It seems I was born without the gene that makes a person afraid to try new things. I only know about this gene because I’m often asked, “Weren’t you afraid when you started (fill in the blank)?”
The honest answer is always, “No, I wasn’t.” This isn’t because I am fearless; it’s merely because it never occurred to me to be afraid. I simply ask myself, “What’s the worst that can happen?”
During my life, I have launched many initiatives, and I’ve come to realize this: Beginnings are best. They are moments of shining opportunity and exciting challenge. They are ventures into an unknown space that you then get to shape.
Thanks to the fact I was unconstrained by fear, I was able to create two Fortune 500 companies and am now, through our family’s foundations, focused on helping to improve K-12 education, discover cures for some of humanity’s worst afflictions and make the arts more accessible to more people.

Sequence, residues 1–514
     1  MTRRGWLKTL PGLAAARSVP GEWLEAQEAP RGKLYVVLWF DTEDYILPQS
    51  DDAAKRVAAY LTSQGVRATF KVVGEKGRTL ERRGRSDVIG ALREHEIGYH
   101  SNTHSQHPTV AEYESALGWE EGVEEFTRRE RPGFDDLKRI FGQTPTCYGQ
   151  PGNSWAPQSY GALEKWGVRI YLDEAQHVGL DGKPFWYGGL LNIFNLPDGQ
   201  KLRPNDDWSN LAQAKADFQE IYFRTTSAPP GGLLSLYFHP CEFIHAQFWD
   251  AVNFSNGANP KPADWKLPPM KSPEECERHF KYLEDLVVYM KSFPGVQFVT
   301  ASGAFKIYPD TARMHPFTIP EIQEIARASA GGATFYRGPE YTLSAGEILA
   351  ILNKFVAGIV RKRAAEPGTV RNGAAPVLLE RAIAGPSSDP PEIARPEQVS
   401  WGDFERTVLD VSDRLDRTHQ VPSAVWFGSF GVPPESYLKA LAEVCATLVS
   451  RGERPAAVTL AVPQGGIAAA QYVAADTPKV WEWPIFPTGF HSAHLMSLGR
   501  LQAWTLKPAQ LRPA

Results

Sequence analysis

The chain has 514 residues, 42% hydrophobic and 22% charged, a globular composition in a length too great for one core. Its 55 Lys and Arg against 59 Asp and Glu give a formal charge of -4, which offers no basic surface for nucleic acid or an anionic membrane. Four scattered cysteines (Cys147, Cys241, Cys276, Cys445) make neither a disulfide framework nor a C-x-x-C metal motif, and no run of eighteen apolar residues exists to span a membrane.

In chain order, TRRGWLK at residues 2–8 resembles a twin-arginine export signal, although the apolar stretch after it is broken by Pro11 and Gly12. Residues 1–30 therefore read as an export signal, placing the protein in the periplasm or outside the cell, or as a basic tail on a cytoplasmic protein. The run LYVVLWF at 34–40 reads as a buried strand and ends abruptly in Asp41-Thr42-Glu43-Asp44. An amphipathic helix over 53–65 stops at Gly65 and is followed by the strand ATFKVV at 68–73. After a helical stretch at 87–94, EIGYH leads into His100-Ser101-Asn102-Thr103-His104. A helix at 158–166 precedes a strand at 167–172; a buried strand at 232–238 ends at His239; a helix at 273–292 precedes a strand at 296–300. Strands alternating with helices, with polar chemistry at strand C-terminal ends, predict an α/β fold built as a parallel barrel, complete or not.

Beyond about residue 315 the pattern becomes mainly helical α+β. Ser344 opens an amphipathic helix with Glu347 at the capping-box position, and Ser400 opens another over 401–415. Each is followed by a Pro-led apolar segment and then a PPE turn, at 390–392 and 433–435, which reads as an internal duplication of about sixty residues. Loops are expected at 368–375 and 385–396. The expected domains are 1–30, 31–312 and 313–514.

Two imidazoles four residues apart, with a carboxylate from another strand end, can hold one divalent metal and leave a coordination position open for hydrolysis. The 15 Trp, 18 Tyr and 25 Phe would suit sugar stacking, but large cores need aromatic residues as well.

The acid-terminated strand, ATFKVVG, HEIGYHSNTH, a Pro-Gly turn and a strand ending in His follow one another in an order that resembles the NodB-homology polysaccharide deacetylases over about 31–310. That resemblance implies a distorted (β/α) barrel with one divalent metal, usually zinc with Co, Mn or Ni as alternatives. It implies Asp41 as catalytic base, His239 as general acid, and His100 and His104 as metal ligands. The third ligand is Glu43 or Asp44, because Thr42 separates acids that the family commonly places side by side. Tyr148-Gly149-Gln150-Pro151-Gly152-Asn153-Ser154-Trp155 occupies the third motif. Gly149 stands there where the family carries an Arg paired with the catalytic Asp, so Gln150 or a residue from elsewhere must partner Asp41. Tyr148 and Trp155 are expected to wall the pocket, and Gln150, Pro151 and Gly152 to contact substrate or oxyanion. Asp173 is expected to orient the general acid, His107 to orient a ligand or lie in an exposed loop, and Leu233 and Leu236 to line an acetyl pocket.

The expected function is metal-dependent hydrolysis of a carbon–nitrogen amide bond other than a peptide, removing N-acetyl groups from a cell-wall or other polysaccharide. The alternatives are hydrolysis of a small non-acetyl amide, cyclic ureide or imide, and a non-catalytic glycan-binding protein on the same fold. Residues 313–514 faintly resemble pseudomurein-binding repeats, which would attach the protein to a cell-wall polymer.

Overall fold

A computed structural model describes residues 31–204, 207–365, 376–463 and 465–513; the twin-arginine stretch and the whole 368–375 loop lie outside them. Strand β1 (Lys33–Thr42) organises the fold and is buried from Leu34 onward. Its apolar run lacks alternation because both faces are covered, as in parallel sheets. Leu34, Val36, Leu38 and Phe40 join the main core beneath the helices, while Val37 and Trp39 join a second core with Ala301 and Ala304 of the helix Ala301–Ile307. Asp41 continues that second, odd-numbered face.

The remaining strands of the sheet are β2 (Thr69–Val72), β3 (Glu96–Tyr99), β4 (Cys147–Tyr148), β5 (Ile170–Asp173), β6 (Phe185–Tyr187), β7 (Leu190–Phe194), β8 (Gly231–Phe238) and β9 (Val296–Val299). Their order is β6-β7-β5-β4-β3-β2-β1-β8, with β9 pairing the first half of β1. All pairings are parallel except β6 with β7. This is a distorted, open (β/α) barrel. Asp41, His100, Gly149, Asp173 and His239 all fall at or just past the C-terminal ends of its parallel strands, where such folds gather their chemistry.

It’s an exciting time for new beginnings in K-12 education. Innovative, cutting-edge ideas are taking shape, ideas that have the potential to reinvent education as we know it.
For example, what if a student’s individual learning style and academic progress on a given day determined how and what he or she would be taught the very next day?
This notion now is driving highly successful digital, individualized learning taking place in schools like Rocketship Schools in San Jose, Calif., and New York City’s School of One. The founders of these schools, Rocketship Education’s John Danner and Preston Smith and the School of One’s Joel Rose, weren’t afraid to try something new. Now, because these schools gear learning to every individual student’s needs, teachers have the tools they need to propel students — many of whom are low-income — forward, further and far faster than other schools.
Many new things are being asked of school leaders and teachers these days. Naturally, skepticism exists. But healthy skepticism, which can be overcome when the right questions reveal the benefit of a new approach, is altogether different than simply fearing something new. While we may be skeptical of change, it is only by having an open mind as we boldly pursue answers to our questions that we will discover, uncover or invent the best way to propel students to high levels of academic achievement.